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Agile is not a Process – it Defines a Culture

I’ve been reading Michael Sahota’s Agile Adoption and Transformation Survival Guide (from which the title of this post is taken) and finding myself nodding in violent agreement with much of its sentiment. The word ‘agile’ seems to be being applied all over the place in all sorts of contexts right now but I've long held that it should be considered in a context that takes it beyond a collection of working processes and sees it more as a broader opportunity to change mindsets, thinking, and approaches (I've now been writing about it this context for five years so this is something of an anniversary for me).

Michael writes eloquently about a key distinction that I think about a lot – the difference between doing agile, and being agile – in other words between adoption and transformation. Change agents, he says, talk of adopting Agile but rarely about transforming the culture of a company to support the Agile mindset. And without that, it fails.

The (nicely short) book includes an interesting model based on one lifted from William Scneider's The Reengineering Alternative: A Plan for Making Your Current Culture Work). This maps four distinct organisational culture types against a two-by-two matrix which positions people vs company oriented businesses on the horizontal axis against reality vs possibility oriented companies on the vertical.

Sahota_agile_cultureSo for example the 'cultivation culture' is about succeeding by growing people who fulfill a compelling vision, collaboration culture is about succeeding by working together, control by getting and keeping control, competence by being the best and so on. No one culture is better than another but whilst companies may have characteristics that orginate from multiple culture-types, they are likely to be routed in one. Other cultural elements may be encouraged as long as they serve the dominant culture. This also enables us to see a relationship between different culture types. Controlling organisational cultures for example, are more compatible with competence and collaboration cultures than they are with cultivation.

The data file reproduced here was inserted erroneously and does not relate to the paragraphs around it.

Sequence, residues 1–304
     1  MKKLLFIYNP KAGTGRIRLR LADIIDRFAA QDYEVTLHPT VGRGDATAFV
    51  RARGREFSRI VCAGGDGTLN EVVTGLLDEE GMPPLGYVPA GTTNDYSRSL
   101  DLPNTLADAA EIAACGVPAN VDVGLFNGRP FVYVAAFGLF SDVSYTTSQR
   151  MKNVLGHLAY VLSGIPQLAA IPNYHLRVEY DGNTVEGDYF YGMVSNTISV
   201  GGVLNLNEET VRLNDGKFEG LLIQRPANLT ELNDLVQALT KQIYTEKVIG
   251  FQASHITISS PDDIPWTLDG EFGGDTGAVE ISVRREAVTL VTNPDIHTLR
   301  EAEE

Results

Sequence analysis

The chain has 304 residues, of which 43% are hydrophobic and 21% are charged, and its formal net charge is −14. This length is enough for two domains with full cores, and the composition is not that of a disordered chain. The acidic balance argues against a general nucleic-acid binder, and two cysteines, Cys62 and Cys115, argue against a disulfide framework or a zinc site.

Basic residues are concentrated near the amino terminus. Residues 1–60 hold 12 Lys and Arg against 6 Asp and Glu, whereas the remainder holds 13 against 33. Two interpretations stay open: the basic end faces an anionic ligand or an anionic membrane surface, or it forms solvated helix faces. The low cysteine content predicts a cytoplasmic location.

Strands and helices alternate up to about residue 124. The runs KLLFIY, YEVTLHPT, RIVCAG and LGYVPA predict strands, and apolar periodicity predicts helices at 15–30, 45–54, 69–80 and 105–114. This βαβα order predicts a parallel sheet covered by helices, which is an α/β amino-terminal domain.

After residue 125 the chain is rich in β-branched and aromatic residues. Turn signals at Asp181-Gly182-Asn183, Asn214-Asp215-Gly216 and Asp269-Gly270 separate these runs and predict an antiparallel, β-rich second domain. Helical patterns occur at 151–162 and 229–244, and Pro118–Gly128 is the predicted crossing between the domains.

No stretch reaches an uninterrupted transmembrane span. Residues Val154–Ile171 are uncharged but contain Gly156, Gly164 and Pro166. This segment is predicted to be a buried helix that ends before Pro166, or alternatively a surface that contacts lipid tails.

The model is useful in thinking about where your company culture is routed, but also in identifying potential areas of conflict. Agile culture is focused more on collaboration and cultivation, and so arguably plays less well with controlling cultures in particular. Conflict can arise when individual teams or departments may have a different sub-culture to that which is dominant in the wider organisation. 

Sahota goes on to map the original twelve principles that defined the Agile Manifesto all that time ago but more importantly goes on to talk about the confusion that often exists between adoption (following practices and prcoesses) and transformation (acting with an agile mindset).  Agile adoption, says Sahota, can trigger conflict due to cultural mismatches between groups in a company, particularly if one team within a company starts to work in agile ways. I've had experience of this myself.

One way to think about introducing a foreign culture (like agile) into an organisation is the metaphor of the human body, which releases antibodies that are designed to eliminate foreign elements. Similarly, an organisation can reject the introduction of a foreign culture system and work hard in order to maintain the status quo. So 'adapters' or 'translators' around the foreign culture might help protect it, and avoid triggering the antibodies, and the new culture might eventually be a powerful force for change. I've been doing some work recently around digital skills for marketers, and one of the interesting (and consistent) pieces of feedback I'm getting is around the heightened value of people who are adept at being interpreters and translators, able to speak the same language and effectively articulate digital technology, vision, ideas, behaviours, and approaches to non-digital specialists within organisations. This, to me, makes a whole lot of sense.

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